It was cold overnight and it took a while after sunrise before I was warm enough to be fully functional, to pack up and move on. The day was sunny and mild.

I retraced yesterday’s journey, spent more time at the riverside and at the bridge. A young Martial Eagle soared overhead and I disturbed a colony of White-fronted Bee-eaters, which were roosting in burrows in a steep bank by the roadside, and they erupted in a noisy blur of colour. I eventually turned eastward on the dirt road to Prieska. The road was smooth and I stopped to camp in an open thorn-shrub savanna. I saw two Red-billed Oxpeckers clinging to the backs of cows, a long way from the known range of the species.

Thursday 31 May  S 28° 56.41’ E 22° 19.38’

It was cold overnight but it quickly warmed up under a clear sky. I made my way slowly back towards the main road to Upington, with several stops. After the Seekoebaard turnoff, I took a right fork on a slight detour to the main road. I stopped for a while outside a farm gate where there was much bird activity. I would have made camp there, but a farm worker told me that his employer was a difficult person who might not be pleased with my presence there. Being outside the property boundary, I had the right to remain where I was, but moved on to avoid any possible unpleasantness. I made camp instead on a pleasant spot surrounded by open bushveld-like mixed woodland, beside a steep hill. I recalled having camped on this very spot once before, two or three years ago.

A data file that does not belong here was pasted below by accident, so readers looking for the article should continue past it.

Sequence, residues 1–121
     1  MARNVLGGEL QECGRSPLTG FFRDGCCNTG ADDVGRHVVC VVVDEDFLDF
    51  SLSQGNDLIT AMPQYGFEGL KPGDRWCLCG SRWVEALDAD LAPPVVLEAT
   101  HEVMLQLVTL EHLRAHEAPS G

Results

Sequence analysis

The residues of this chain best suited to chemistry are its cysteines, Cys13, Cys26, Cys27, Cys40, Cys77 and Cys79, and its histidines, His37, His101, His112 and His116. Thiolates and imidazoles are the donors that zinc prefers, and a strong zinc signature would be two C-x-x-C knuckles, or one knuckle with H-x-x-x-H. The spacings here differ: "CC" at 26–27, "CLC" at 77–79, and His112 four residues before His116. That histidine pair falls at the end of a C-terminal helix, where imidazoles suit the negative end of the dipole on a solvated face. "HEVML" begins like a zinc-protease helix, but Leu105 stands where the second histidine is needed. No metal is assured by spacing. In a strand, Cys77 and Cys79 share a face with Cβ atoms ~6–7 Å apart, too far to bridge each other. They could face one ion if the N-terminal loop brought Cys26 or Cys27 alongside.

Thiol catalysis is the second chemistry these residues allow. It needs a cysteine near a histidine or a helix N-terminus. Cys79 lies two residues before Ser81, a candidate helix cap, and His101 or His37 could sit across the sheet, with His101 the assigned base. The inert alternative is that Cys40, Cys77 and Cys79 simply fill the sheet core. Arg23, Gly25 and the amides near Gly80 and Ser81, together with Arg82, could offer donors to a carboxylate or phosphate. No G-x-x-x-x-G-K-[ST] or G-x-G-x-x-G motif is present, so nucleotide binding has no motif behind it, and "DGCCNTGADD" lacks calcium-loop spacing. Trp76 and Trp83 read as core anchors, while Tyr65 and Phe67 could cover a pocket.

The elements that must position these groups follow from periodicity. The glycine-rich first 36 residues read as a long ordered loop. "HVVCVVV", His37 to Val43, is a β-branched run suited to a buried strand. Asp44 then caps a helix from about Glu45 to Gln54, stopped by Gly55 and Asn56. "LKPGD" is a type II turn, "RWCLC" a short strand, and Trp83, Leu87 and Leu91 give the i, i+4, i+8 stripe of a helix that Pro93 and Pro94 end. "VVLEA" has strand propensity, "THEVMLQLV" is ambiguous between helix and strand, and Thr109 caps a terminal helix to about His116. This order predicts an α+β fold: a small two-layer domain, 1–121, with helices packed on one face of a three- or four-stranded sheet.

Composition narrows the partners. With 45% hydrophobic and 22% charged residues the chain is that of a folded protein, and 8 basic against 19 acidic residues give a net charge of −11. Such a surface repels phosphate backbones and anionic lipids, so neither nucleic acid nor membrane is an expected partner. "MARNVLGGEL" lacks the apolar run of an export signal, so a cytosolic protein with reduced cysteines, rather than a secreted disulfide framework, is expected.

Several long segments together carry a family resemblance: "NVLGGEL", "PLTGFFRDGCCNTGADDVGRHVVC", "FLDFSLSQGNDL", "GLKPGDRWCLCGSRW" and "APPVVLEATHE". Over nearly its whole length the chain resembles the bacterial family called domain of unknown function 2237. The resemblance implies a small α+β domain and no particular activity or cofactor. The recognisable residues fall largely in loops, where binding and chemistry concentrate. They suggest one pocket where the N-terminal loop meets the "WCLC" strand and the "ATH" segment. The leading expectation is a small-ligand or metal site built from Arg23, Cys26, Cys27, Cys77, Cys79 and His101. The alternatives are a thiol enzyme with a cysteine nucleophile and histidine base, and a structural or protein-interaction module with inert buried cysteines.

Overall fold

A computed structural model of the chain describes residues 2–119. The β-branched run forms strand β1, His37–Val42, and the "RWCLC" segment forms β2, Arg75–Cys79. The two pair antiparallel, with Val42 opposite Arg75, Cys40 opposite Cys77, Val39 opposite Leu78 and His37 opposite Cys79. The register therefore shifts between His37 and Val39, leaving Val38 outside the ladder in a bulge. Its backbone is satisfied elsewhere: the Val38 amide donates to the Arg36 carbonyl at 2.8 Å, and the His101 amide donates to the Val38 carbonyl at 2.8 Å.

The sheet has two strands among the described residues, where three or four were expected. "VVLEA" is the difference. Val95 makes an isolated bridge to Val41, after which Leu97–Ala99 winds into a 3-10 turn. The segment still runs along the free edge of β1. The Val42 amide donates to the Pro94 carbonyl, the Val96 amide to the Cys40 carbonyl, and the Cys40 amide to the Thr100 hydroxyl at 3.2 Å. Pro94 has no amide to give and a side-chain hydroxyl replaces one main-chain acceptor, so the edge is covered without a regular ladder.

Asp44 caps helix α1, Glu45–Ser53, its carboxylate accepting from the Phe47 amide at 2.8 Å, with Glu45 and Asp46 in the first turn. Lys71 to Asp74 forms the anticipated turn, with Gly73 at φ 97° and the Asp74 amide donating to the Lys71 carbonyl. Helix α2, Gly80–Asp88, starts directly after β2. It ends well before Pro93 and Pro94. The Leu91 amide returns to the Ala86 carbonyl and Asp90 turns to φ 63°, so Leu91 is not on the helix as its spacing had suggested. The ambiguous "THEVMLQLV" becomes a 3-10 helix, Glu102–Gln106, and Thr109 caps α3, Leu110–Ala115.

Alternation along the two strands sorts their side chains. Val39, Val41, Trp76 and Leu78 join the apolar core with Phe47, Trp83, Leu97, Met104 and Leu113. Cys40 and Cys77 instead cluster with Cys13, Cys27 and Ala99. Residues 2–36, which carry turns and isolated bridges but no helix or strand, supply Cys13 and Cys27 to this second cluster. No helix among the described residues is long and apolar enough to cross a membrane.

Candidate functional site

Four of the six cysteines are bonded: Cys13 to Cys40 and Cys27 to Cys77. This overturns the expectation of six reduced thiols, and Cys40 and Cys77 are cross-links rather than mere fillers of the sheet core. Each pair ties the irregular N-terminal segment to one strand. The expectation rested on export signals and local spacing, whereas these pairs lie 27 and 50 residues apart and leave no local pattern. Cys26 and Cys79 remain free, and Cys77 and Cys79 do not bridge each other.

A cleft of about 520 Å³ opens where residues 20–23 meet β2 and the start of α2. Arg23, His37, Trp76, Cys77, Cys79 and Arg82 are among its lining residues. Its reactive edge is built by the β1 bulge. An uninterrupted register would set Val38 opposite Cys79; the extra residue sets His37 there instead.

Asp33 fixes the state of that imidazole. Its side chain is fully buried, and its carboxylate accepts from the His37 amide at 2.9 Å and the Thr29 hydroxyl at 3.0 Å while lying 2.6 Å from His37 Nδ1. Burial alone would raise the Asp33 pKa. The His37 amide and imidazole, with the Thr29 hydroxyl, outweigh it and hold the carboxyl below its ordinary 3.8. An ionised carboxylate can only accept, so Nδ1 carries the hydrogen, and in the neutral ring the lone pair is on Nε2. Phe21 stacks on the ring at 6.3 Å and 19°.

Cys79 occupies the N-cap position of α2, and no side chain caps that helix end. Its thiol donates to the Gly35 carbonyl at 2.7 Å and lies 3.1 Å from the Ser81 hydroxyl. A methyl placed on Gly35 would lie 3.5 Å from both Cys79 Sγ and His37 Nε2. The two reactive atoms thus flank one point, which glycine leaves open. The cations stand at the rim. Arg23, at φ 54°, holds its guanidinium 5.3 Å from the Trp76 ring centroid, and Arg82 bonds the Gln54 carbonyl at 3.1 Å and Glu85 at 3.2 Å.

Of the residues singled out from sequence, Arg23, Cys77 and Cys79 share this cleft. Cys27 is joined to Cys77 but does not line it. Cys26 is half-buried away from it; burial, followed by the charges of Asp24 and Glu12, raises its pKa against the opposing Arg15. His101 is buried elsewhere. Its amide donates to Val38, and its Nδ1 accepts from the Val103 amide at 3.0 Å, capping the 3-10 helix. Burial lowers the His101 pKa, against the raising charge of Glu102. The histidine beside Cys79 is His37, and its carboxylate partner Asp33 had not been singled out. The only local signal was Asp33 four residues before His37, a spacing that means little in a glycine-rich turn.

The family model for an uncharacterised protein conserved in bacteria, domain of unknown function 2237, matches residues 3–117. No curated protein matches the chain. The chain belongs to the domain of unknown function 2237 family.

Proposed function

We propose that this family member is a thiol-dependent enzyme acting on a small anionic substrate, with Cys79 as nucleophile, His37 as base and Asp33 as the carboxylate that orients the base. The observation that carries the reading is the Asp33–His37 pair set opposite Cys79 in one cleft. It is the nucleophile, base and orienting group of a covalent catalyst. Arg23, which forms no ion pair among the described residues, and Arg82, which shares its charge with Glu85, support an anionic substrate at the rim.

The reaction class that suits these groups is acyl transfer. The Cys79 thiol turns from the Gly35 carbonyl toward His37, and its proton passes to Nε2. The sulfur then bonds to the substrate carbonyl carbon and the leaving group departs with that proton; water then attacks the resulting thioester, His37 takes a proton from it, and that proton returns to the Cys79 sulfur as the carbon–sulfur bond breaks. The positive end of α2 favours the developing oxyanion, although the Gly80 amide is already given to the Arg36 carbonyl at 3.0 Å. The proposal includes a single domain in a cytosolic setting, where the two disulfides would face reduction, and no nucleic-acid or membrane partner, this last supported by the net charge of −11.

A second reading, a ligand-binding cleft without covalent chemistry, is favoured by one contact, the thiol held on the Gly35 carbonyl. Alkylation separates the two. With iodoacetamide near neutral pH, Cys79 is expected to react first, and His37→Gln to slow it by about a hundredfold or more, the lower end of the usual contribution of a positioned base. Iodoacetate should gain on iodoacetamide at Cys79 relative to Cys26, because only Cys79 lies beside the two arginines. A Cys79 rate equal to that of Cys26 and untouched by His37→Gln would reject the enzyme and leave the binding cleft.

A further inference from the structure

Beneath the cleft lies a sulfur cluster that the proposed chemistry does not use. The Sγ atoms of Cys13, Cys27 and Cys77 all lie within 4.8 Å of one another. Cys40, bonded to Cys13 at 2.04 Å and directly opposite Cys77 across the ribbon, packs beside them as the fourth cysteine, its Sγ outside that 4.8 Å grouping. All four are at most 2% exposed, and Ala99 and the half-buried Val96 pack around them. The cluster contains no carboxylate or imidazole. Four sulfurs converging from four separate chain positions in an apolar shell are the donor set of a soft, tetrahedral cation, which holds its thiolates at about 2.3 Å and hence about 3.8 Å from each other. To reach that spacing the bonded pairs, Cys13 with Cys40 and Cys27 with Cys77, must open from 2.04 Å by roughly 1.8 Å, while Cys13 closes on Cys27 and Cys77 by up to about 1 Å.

A security patrol, a young man in a new-looking SUV, in black uniform, with a firearm and a dog, approached to check up on me. That also happened the last time that I was here. The property opposite (a private game farm I guess) has a high electrified fence. The level of security would suggest that they may keep rhinos.

Friday 1 June  S 28° 27.29’ E 21° 30.32’

I got up at midnight when I realised that the condensation inside my tent had already frozen, in order to cover the car battery with a rag. The night was very cold with severe frost. I waited until the risen sun had begun to melt the ice on the roof of my tent before I packed up and moved on, and in the meantime heard the calls of Orange River Francolins. It was a bright sunny day with a cool breeze.

On the way back to Upington, I turned off on the road to the Karos solar power installation (still under construction). I had not previously been there, being unsure as to whether access was restricted. The access is in principle restricted, but because there is a farm road that branches off that road, I was not prevented from going there. I stopped where the farm road branched, and walked about from there, and eventually made camp where I was. It was not a quiet campsite. There was a steady stream of traffic rumbling by, which intensified towards evening, and did not abate until after 7 pm (and started up again before sunrise).